Paris, France (CNN) — A French court on Tuesday convicted the Church of Scientology and six of its members of organized fraud, but stopped short of banning the church.
The court also fined the members as much as 400,000 euros ($595,000) each.
The decision follows a three-week trial in May and June, during which two plaintiffs said they were defrauded by the organization, which is classified as a sect in France.
The church had said before the verdict that it would appeal any judgment against it.
The judge at the Correctional Court in Paris said the church may continue its activities in France, but he said those activities must remain “on the correct side of the law.”
As part of the penalties, the church was ordered to publish the results of the verdict in several national and international magazines to warn people, the judge said, about what Scientology offers and what was discovered at trial.
Scientology convicted of organised fraud in France
PARIS €” A French court fined the Church of Scientology on Tuesday for defrauding vulnerable followers, but officials voiced regret that a recent change in the law prevented France from banning it outright.
Scientology’s Celebrity Centre and its bookshop in Paris, the two branches of its French operations, were ordered to pay 600,000 euros (900,000 dollars) in fines for preying financially on its followers in the 1990s.
Alain Rosenberg, the French leader of a movement best known for its Hollywood followers Tom Cruise and John Travolta, was handed a two-year suspended jail sentence and fined 30,000 euros on the same charge.
The head of France’s interministerial body on cults, Georges Fenech, said he was sorry judges were prevented from tougher action.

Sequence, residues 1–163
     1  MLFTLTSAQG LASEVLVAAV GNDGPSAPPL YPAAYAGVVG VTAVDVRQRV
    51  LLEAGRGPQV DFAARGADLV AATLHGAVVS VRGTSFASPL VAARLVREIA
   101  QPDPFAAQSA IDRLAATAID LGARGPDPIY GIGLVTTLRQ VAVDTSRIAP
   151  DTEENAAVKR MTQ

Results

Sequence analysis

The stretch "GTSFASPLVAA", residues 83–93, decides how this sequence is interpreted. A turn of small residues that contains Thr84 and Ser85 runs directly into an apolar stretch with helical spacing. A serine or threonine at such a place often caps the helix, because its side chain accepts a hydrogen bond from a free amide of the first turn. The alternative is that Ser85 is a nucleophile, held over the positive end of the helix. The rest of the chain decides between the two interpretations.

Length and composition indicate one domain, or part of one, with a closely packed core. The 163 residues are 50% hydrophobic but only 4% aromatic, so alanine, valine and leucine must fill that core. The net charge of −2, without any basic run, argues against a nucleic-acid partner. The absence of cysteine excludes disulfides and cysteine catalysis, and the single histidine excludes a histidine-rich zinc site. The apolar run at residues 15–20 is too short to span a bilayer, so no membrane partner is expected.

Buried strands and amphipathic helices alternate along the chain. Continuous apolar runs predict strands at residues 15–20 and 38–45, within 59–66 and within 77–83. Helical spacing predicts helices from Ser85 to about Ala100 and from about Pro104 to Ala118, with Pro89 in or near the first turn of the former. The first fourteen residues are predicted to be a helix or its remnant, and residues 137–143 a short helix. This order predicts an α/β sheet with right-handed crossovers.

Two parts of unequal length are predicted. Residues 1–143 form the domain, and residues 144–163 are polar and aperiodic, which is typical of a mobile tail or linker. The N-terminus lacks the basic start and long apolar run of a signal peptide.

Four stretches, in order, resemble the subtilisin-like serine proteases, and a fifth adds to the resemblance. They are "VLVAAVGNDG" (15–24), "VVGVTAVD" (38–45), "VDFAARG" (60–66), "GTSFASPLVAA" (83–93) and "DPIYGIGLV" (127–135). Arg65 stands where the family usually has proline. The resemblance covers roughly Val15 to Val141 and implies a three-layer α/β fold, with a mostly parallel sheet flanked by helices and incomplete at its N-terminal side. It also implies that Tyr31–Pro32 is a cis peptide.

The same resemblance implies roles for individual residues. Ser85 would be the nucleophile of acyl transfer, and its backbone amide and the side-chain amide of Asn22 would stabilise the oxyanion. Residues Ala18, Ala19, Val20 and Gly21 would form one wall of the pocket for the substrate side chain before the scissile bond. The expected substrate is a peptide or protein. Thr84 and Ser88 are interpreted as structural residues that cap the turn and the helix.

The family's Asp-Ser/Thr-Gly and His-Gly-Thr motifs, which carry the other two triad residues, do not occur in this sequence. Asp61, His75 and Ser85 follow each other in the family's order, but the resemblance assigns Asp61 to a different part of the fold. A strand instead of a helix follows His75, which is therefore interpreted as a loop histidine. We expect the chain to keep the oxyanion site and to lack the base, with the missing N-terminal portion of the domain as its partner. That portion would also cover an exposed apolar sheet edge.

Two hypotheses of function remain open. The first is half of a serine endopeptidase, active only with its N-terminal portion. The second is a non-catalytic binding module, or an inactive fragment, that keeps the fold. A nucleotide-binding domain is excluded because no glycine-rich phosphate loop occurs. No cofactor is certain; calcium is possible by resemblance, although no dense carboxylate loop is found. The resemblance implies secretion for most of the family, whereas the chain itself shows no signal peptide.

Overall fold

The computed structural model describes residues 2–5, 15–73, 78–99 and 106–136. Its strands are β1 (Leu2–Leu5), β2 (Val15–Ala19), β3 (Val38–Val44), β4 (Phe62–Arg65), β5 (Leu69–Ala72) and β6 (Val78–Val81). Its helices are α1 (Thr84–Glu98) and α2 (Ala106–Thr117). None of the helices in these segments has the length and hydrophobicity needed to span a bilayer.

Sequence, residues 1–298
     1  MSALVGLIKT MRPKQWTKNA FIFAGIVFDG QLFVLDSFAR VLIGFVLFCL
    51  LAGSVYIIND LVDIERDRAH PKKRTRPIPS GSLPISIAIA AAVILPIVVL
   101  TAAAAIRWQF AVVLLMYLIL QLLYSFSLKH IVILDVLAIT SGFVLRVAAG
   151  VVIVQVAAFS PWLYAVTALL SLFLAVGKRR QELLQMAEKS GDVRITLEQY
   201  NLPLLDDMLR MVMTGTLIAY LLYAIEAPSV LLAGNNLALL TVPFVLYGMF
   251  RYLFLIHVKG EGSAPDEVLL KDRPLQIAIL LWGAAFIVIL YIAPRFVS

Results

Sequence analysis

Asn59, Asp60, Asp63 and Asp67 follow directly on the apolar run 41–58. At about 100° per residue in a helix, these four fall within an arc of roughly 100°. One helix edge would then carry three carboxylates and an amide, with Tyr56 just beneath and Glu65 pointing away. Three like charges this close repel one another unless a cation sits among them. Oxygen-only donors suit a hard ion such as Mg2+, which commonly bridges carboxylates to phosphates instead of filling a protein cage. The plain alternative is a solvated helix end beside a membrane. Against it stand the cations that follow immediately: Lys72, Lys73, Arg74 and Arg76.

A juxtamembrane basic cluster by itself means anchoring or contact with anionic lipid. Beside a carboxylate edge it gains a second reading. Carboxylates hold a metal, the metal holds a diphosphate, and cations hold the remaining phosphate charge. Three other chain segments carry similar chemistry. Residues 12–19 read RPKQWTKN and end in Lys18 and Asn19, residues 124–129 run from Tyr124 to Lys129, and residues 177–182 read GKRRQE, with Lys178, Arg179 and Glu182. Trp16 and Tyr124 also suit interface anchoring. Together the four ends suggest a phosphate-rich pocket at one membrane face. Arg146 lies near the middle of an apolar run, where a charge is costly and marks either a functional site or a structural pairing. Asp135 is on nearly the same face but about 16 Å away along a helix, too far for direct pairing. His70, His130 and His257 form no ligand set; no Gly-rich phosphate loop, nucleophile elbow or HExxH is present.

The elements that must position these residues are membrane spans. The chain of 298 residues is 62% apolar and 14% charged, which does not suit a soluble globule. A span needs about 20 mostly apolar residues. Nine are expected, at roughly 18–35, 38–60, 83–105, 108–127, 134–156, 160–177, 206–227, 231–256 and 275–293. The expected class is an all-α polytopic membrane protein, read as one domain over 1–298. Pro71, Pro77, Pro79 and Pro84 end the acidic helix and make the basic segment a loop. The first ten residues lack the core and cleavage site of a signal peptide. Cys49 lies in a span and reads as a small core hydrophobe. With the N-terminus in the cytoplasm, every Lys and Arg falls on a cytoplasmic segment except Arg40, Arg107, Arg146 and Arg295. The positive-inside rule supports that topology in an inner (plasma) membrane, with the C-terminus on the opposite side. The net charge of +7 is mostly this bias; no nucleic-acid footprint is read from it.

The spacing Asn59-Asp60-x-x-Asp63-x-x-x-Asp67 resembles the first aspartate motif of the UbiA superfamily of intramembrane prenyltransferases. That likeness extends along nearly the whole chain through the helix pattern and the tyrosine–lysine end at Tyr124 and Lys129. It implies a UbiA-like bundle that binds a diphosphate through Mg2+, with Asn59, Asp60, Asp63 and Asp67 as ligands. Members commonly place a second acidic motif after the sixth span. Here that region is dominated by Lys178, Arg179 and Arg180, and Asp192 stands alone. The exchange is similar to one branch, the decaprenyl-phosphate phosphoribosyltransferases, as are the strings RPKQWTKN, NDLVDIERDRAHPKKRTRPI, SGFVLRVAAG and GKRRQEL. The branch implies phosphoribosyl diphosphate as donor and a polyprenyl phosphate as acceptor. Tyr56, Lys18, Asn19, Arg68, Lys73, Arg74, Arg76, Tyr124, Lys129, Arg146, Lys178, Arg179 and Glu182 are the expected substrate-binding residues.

“I strongly regret that the law was changed discreetly during the trial, just before the trial, without anyone knowing,” he told France 24 television.
“But I think the provision has been reinstated by parliament, so there could be a ban in future if they offend again.”
The change in the law, which seemed tailor-made for the Church of Scientology, was not discovered until September of this year, more than one year later. It was quickly amended, but too late to influence sentencing in the case.
Everyone involved in the law change claimed that it occurred by mistake, with one administrator on the National Assembly`s Law Committee recently telling the daily Le Parisien that it was “an unfortunate cut-and-paste error.”
But the plaintiffs and many anti-sect activists charge that the Parliament was infiltrated by Scientologists, who secretly manipulated the law.
“Several days before the opening arguments (in the case), the law was intentionally changed,” said an attorney for the plaintiffs, Olivier Morice, who said he was “scandalized.”
The weekly Le Point reported last week that lawyers for the Scientologists were apparently aware of the change in the law before anyone else.
According to the report, an American attorney for the group informed a journalist about it in July, some two months before it came to light in France.
Paris Court Convicts Scientology Church for Fraud
The case stemmed from complaints by two women that the church harassed them to buy products including vitamins and enroll in classes.
An investigating judge sent the group to trial against the recommendations of the Paris prosecutor, who advised dropping the case. In 2002, a French court fined the church for violating data protection rules while rejecting a fraud claim.
Alain Rosenberg, the church’s leader in France, was given a two-year suspended jail sentence and a 30,000-euro fine. The court said the sentence was suspended in part because of “efforts by the association to change its practices.”
Lawyers for the church said they would study the ruling before deciding whether to lodge an appeal.
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